The Authority for the Financial Markets (AFM), the Dutch financial regulatory body, has launched a consultation on the ban on advertisement of risky investment instruments, such as binary options, contracts for difference (CFDs), futures and warrants. The regulator emphasizes on the harm caused by instruments with leverage of 10:1 or higher.
Consumers can lose money quickly when trading in the above-listed instruments, which the AFM calls “toxic”. Long-term investment does not yield good profits, either. The regulator’s move is an important step in the fight against harmful financial products to which retail consumers are exposed, it noted.
The band will affect the following instruments:
- Binary options
- CFDs with a possibility of residual debt
- CFDs with a leverage of 10:1 or higher
- Turbochargers with a leverage of 10:1 or higher
- Futures with a leverage of 10:1 or higher
The AMF pointed that it has selected the instruments that are to be subject to the advertising ban after consulting with market participants and other European regulators. One of its concerns is that these instruments are offered from abroad. However, the adoption of various measures by the different European regulators would limit the aggressive advertising of such instruments.
In September last year, the Dutch finance ministry announced intentions to restrict advertising of risky instruments. The AMF will consult with the finance ministry, but it urges market participants to express their opinions on the proposed ban no later than 3 April.
Other regulators are also taking similar steps
Other EU countries have also been heavy on the industry. In August last year, Belgium banned the distribution via online channels of over-the-counter (OTC) binary options, spot forex, and CFDs with leverage. France has also banned the online advertising of “highly speculative and risky financial contracts”, such as binary options, forex and CFDs with a leverage greater than 1:5. In addition, Germany has also announced it considers the ban on the advertising of such instruments.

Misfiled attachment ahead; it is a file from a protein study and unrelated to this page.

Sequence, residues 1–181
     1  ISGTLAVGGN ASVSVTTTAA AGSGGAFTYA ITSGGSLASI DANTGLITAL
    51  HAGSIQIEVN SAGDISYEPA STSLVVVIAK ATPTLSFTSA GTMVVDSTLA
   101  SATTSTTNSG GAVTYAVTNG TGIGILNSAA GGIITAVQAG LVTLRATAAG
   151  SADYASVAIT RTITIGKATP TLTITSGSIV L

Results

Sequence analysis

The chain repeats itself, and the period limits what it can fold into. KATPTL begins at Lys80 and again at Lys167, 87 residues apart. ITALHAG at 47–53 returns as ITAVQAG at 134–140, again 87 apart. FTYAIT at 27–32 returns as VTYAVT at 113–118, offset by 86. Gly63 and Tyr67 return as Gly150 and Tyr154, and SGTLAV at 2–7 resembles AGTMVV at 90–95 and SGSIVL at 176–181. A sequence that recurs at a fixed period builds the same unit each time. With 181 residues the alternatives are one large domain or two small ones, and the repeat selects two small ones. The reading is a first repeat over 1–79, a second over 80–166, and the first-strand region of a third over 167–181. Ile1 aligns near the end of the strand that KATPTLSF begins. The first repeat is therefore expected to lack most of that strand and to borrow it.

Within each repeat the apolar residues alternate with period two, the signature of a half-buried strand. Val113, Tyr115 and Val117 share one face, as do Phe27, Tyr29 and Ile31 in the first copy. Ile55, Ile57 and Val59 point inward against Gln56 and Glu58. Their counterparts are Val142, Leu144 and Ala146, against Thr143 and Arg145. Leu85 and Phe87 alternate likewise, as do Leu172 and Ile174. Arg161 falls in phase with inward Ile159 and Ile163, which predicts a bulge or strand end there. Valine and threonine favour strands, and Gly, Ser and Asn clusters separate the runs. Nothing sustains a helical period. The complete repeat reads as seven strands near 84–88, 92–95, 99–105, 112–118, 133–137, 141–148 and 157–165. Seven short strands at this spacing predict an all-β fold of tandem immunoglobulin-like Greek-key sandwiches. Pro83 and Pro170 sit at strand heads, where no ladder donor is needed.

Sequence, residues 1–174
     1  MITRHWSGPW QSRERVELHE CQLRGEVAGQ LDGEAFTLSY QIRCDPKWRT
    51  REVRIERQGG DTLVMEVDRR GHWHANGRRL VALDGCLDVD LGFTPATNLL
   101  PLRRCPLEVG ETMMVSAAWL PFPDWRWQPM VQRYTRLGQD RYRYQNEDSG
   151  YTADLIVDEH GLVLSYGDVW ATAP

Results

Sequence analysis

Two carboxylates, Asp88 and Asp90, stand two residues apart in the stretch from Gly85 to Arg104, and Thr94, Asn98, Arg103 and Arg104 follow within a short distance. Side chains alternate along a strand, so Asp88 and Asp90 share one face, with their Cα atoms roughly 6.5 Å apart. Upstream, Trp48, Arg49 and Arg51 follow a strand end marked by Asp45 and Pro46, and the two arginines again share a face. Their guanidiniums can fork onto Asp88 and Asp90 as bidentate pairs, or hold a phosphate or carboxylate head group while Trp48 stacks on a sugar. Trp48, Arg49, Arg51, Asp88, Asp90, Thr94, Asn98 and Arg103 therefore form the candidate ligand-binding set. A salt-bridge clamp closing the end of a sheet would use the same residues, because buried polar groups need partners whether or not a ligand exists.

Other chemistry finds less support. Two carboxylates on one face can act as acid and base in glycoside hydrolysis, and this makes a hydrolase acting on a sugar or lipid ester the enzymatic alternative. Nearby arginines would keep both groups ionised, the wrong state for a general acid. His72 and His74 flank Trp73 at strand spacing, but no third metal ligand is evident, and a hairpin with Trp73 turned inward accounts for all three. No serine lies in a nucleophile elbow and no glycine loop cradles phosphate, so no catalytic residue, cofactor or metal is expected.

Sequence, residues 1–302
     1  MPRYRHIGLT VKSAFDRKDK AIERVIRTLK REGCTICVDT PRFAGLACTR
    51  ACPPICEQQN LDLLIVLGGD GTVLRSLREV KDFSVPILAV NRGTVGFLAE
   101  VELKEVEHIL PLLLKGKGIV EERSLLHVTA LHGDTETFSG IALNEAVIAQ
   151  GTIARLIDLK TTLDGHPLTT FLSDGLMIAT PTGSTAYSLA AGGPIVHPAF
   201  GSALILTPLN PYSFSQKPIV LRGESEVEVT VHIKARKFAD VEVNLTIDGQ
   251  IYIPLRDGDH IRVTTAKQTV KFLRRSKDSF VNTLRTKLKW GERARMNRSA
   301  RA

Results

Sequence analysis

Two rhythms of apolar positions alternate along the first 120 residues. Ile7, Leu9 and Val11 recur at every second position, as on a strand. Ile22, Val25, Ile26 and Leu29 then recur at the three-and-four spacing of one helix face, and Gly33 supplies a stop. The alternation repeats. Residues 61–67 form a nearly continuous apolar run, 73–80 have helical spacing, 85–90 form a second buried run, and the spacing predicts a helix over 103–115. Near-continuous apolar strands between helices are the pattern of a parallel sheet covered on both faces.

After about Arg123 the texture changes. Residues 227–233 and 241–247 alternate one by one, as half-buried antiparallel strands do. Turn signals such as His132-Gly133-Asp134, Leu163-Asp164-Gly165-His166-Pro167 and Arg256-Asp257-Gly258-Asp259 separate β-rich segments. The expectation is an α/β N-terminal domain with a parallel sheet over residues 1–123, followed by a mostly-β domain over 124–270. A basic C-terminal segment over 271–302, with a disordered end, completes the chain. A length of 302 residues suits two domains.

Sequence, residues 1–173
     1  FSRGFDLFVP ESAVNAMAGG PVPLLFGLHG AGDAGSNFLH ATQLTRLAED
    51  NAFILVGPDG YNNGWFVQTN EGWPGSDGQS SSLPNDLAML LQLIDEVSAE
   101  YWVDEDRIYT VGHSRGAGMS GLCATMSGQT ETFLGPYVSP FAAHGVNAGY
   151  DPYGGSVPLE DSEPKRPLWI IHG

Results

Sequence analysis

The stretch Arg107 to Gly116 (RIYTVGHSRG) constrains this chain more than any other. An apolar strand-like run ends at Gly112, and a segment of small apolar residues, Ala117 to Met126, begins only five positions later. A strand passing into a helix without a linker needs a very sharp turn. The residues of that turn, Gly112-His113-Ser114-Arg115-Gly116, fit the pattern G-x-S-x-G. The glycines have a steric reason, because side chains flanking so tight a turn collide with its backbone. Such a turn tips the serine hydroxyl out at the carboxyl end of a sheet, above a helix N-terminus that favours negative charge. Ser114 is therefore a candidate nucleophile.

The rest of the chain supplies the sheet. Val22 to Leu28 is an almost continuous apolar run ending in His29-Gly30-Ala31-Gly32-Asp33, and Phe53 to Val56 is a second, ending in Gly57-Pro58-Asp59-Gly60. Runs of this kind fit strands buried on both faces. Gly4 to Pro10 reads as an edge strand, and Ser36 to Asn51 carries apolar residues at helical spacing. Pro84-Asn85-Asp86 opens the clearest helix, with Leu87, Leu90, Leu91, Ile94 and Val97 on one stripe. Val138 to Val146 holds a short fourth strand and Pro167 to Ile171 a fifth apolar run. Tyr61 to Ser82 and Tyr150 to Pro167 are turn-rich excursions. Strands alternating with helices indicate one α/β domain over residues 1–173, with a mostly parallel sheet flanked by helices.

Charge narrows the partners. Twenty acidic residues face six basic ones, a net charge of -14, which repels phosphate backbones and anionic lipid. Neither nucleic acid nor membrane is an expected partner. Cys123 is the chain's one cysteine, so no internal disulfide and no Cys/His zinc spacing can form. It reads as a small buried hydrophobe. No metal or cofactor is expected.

The Cypriot regulator, CySEC, has also been tightening the rules on binary options. Just recently it proposed the introduction of standards for binary options trading.
Israel has banned trading in binary options and is drafting a legislation which would enable it to shut down entities that solicit customers abroad. Currently its authority is limited to the country’s borders. Many EU regulators have been inciting the Israeli regulator to be stricter in its policies regarding binary options.
Meanwhile, in the US trading in such instruments is restricted to on-exchange execution only (via Nadex or Cantor Exchanges). In Canada, Quebec’s Autorite des Marches Financiers (AMF) recently proposed the prohibition of the sale of binary options to citizens in the province, becoming the first province in the country to consider a full ban on this type of instruments.